Trip Start Apr 12, 1992
65Trip End Jun 15, 1992
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Warn, slight overcast
Western Montana, from Missoula to east of Butte, is mining country. Having read this in advance, I expected to see huge areas of wasteland, hillsides laid bare by mining operations. There were some indications of this, but the landscape along my route was not terribly disfigured
I was pleased to discover Anaconda is a neat, clean town with many modest, well-maintained homes, freshly painted, with neatly trimmed green lawns and prolific flower gardens. That is not at all what I expected a mining town to look like. My expectations were based on my memories of terribly raped mountain sides, filthy rivers, slag piles, and the dust blanket which covers the mining areas throughout Appalachia, particularly in Alabama, Tennessee, Kentucky and West Virginia.
Anaconda calls itself the "Richest Hill in The World." The claim is based on the value of minerals, primarily copper, that have already been hauled to refineries, and the estimated value of ore still remaining to be scooped from the hills.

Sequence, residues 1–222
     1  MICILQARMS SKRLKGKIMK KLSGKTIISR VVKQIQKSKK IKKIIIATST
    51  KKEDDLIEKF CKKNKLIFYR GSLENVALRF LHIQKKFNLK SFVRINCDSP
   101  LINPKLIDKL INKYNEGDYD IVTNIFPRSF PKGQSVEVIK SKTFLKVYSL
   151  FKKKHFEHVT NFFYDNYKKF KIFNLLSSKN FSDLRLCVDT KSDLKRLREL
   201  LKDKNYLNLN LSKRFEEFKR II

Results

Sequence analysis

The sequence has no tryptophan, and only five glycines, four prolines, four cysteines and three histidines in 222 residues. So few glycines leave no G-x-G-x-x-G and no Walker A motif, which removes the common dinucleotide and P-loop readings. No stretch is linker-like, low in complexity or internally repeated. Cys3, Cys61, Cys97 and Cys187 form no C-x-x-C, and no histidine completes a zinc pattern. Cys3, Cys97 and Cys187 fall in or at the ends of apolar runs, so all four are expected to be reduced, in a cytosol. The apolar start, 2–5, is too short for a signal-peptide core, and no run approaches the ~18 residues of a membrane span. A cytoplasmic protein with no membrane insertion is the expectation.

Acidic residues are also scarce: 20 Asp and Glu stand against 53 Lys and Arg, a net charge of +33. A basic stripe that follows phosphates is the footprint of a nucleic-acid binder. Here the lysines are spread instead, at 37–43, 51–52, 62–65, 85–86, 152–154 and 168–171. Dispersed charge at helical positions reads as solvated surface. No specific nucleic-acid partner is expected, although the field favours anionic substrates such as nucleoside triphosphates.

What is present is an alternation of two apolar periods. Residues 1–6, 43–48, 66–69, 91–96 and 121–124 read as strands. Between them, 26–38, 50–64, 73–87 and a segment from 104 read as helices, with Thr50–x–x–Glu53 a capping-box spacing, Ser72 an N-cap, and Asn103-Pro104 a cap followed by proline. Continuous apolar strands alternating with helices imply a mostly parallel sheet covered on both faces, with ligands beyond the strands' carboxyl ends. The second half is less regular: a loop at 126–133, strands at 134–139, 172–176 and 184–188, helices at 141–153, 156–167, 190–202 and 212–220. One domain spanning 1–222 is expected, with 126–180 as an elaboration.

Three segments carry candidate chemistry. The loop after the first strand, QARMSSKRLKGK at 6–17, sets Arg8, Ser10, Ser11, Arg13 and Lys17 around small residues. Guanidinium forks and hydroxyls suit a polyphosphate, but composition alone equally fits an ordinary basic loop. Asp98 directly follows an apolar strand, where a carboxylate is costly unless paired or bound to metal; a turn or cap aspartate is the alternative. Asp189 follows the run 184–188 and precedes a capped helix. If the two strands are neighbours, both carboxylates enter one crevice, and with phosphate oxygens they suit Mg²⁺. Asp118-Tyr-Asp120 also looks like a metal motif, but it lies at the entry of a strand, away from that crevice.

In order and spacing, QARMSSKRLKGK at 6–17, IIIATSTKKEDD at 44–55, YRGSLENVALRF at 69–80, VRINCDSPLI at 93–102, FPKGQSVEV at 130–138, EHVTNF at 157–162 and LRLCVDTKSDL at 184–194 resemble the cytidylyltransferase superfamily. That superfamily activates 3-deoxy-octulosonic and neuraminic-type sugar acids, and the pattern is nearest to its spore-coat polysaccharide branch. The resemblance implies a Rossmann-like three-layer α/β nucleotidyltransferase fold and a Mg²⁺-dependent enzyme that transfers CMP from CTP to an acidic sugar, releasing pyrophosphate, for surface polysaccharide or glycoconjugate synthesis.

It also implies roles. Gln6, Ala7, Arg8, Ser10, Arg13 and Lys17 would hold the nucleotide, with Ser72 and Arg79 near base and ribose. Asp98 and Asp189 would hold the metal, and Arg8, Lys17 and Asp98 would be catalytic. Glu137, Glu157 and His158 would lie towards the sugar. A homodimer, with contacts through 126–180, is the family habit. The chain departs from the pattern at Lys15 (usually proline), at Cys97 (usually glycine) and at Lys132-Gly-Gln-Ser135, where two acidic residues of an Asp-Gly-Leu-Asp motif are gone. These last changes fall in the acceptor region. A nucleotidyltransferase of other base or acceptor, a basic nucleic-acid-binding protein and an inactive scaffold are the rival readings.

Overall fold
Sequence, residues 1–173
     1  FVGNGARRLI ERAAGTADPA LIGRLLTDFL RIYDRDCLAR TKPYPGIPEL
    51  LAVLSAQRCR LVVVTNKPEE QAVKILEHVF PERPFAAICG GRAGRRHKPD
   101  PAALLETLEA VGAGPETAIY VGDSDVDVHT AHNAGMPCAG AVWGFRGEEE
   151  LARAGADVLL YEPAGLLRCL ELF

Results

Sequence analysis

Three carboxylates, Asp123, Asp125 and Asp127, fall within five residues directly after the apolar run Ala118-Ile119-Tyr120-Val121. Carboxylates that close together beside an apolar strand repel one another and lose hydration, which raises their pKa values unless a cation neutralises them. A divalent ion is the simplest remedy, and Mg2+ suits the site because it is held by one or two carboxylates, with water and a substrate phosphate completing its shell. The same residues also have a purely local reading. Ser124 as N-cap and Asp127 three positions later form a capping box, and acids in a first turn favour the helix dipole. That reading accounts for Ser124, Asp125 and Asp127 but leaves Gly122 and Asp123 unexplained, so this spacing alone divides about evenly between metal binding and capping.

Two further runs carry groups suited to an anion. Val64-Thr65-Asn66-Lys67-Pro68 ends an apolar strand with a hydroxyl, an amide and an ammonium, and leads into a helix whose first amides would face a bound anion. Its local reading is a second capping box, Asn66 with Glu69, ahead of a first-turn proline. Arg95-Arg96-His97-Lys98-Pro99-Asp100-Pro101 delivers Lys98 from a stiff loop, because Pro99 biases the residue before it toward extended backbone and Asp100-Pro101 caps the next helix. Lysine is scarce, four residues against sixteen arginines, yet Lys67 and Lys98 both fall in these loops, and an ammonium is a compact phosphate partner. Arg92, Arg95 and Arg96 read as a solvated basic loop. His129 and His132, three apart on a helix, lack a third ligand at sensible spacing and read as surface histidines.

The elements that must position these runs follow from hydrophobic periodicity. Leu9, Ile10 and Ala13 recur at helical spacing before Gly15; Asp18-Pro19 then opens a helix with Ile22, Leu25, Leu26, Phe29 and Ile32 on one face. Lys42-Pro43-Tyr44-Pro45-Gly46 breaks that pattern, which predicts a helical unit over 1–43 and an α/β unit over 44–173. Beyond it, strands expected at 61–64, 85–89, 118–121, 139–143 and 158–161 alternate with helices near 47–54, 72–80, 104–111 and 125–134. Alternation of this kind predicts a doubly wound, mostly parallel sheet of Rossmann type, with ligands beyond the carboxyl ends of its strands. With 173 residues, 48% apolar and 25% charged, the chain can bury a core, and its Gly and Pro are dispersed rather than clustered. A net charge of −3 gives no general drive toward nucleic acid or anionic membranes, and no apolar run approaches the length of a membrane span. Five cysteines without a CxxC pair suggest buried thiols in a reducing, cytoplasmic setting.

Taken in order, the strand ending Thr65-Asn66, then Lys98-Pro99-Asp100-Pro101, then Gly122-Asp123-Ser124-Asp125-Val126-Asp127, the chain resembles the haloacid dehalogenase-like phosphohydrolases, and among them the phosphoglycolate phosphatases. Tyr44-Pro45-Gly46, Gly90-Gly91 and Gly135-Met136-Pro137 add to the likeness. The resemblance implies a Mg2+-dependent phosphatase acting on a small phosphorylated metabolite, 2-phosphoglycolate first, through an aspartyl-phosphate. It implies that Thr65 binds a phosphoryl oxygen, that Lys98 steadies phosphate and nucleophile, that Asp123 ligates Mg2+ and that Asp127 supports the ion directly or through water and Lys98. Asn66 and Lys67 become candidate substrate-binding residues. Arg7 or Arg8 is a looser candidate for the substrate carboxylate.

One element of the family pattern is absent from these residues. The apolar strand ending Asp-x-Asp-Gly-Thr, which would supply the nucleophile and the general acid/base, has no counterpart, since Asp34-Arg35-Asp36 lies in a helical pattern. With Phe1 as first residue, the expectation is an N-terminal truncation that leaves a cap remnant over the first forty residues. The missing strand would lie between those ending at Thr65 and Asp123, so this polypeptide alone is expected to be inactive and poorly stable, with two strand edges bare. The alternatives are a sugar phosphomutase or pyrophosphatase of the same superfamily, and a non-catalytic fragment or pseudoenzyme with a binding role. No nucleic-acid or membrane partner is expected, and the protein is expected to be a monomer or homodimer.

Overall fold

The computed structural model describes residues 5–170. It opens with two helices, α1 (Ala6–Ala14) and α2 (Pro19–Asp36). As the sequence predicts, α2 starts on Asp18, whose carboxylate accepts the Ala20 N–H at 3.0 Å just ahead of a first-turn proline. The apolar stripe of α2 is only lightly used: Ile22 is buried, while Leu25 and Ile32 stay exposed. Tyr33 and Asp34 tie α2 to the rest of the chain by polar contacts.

I crossed the Continental Divide again, at 6393 feet elevation. I have lost count of the number of times I have crossed this elusive imaginary, but very real line.
I-90 east from Missoula crosses rolling prairie and scenic hills. Generally, higher mountains are visible in the distance, sometimes to the north, sometimes south, and always west.
Bozeman, 4795 feet elevation, is home to Montana State University. It is another very attractive city. It is clean, looks prosperous, and still retains a very definite air of frontierism. People in the western cattle and mining country are self reliant, and exhibit soft-spoken confidence. I don't know how they convey this atmosphere, but they do.